The easiest way to create Terraform Modules and set up Terraform Cloud with github.com and AWS
Hopefully, this post makes working with Terraform modules easy for beginners.
We will primarily work with aws provider and use github.com and terraform cloud to create our module and a resource in an aws region.
Problem: When I started working with Terraform modules, it was confusing and time taking to get the project up and running quickly. Please note this article does not provide a walkthrough about publishing the module to a public or private registry but only to structure it, write the code, integrate with terraform cloud and create a sample aws resource.
Pre-requisite: You will need basic knowledge of Go since we will clone a github.com public repo and build the project to create an executable and run the executable to create the initial terraform module structure.
Assumption: You are using MacOS.
Go to your terminal and cd into wherever you would like to clone this repo.
git clone https://github.com/aakashbanerjee/gentfmodlayout.git
go build gentfmod.go
Go 1.15 is required and if all goes well you will have the executable gentfmod
Now let’s create the symlink so you can execute this from anywhere.
sudo ln -s -f /Users/username/gentfmodlayout/gentfmod /usr/local/bin
Remember /Users/username/gentfmodlayout/gentfmod this should be updated to wherever your executable resides. -f will just force even if the file exist.
Now let’s go to github.com and create a simple repo for our terraform and clone it.
Go back to terminal and clone this repo
git clone path to your tfcloudsetuptest repo
Open this project in your favorite IDE and you will see there are no files except for a gitignore. That is fine. At this point if we didn’t have the go executable gentfmod ready, we would have to create the terraform folder structure etc from scratch. Here’s the magic!
go back to terminal and cd into the tfcloudsetuptest project folder if you are not already in it. Run…
Enter terraform module name:
(Since the test code example is generated to create an iam access analyzer resource) You can name it anything.
Press Enter. You will see…
Creating terraform module iamaccessanalyzer folders and files at /Users/username/tfcloudsetuptest
Successfully created folders and generated files to write structured Terraform modules following best practices.
Let’s go back to the IDE and see what happened.
Awesome! now we have folder structure and files ready to go with sample code to create IAM Access Analyzer in us-east-1 with a root module and a child module.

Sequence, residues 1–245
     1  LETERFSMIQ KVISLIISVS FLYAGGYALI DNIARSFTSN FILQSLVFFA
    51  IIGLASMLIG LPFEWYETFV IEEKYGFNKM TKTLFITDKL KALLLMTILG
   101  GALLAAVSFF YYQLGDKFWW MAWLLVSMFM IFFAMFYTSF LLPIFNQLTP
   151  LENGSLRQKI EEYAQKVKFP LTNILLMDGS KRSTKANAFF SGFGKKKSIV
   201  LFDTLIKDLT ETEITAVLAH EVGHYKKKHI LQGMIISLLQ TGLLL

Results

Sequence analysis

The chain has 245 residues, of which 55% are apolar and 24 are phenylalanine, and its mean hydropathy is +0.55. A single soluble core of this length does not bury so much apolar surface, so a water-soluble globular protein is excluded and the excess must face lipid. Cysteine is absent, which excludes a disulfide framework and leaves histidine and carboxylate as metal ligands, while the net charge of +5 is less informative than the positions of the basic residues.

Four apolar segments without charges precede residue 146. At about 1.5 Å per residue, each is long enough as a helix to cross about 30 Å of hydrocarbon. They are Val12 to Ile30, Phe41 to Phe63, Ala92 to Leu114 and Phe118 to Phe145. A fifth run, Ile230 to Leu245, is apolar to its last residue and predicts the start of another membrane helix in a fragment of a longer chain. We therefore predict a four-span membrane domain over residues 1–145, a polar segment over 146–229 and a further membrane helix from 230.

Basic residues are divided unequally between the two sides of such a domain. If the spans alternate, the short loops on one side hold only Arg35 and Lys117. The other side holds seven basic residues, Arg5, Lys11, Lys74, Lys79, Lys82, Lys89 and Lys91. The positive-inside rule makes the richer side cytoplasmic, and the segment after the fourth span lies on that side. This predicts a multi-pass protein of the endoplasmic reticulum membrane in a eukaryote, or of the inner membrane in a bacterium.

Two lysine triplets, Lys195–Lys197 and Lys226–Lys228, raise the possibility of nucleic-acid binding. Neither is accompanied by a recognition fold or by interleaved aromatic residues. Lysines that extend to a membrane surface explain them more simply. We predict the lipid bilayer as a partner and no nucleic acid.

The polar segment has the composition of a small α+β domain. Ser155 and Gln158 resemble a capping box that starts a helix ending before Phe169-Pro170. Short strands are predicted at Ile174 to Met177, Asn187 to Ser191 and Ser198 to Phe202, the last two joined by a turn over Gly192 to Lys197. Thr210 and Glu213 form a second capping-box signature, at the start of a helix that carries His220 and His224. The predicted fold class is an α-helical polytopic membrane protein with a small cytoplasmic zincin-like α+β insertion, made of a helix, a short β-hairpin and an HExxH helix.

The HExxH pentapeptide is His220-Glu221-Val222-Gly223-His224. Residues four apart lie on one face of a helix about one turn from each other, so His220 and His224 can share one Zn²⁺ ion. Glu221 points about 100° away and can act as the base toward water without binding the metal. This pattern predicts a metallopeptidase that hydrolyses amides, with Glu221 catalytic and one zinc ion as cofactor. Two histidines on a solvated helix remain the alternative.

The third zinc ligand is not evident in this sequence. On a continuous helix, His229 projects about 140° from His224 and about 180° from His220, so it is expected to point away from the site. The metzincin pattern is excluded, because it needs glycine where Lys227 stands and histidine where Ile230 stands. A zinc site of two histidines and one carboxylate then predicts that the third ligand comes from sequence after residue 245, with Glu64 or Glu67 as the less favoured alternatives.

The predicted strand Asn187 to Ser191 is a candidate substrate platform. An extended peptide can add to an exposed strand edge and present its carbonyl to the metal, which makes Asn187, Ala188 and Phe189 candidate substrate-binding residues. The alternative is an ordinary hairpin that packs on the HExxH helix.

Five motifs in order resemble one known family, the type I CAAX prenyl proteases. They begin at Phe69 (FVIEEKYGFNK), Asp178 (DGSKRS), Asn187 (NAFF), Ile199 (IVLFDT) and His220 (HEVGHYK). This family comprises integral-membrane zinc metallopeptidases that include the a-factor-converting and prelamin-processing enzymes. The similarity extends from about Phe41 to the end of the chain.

Now let’s go into provider.tf first. We need to update the code with an IAM Role ARN, Session Name that Terraform Cloud will assume to create the resources in our AWS account. So if you do not have this setup follow along.
Create a user first with read only access. We will generate the access keys for this user and setup our Terraform cloud Workspace.
You can name the user : terraform
Attach Managed Policy: ReadOnlyAccess
Go to the security credentials tab for this user and generate the access keys and note down the AWS_ACCESS_KEY_ID and AWS_SECRET_ACCESS_KEY for this user.
Now click on Roles. Create a new role tfprovisioner and attach the AdministratorAccess managed policy for now. If you have the time I highly recommend going for Least privilege in this case we will only IAM Access Analyzer full access.
Click on trust relationship and add this json. Basically this says trust the user terraform to assume the tfprovisioner role and do whatever this role allows to do in my aws account.
Once done let’s login to Terraform Cloud. What an awesome tool for Infrastructure as code. Thanks to all the hard work that people at Hashicorp do.
We will setup a workspace in Terraform Cloud and integrate that workspace with our github.com repository tfcloudsetuptest to track changes to the folder /tf and run plans on any code changes automatically.
Create New Workspace
Choose Version Control Workflow and then authorize github.com where your repo is. Your repo will show up in the terraform cloud list. Select the tfcloudsetuptest repo.
Click on Advanced Options and add /tf in the terraform working directory field.
That’s it click Create Workspace.
Once the workspace is created, click on Variables for this workspace and add the AWS keys generated for the read only terraform user. Mark these fields sensitive.
The Workspace is now all set. Let’s push our terraform code to github.com and see if Terraform is able to pick it up and run a Plan for us.
Go back to your project folder in terminal (tfcloudsetuptest)
git add .
git commit -m “first commit”
Go to your Terraform Workspace and click Queue Plan since this is the first time. From the next time Terraform will automatically track changes and auto plan.
How awesome! Terraform now detected that 1 resource needs to be created in AWS.
Just click Confirm and Apply.
Now navigate to AWS Console and IAM > Access Analyzers and you should see your resource has been created.
That is all folks. Hope this helpful. Please feel free to comment and let me know of any issues/risks.
**Please note the Go code I wrote does have a lot of hardcoded strings, I just wanted to get a little project up and running so I don’t have to manually create directories and files for every new terraform module I start writing.**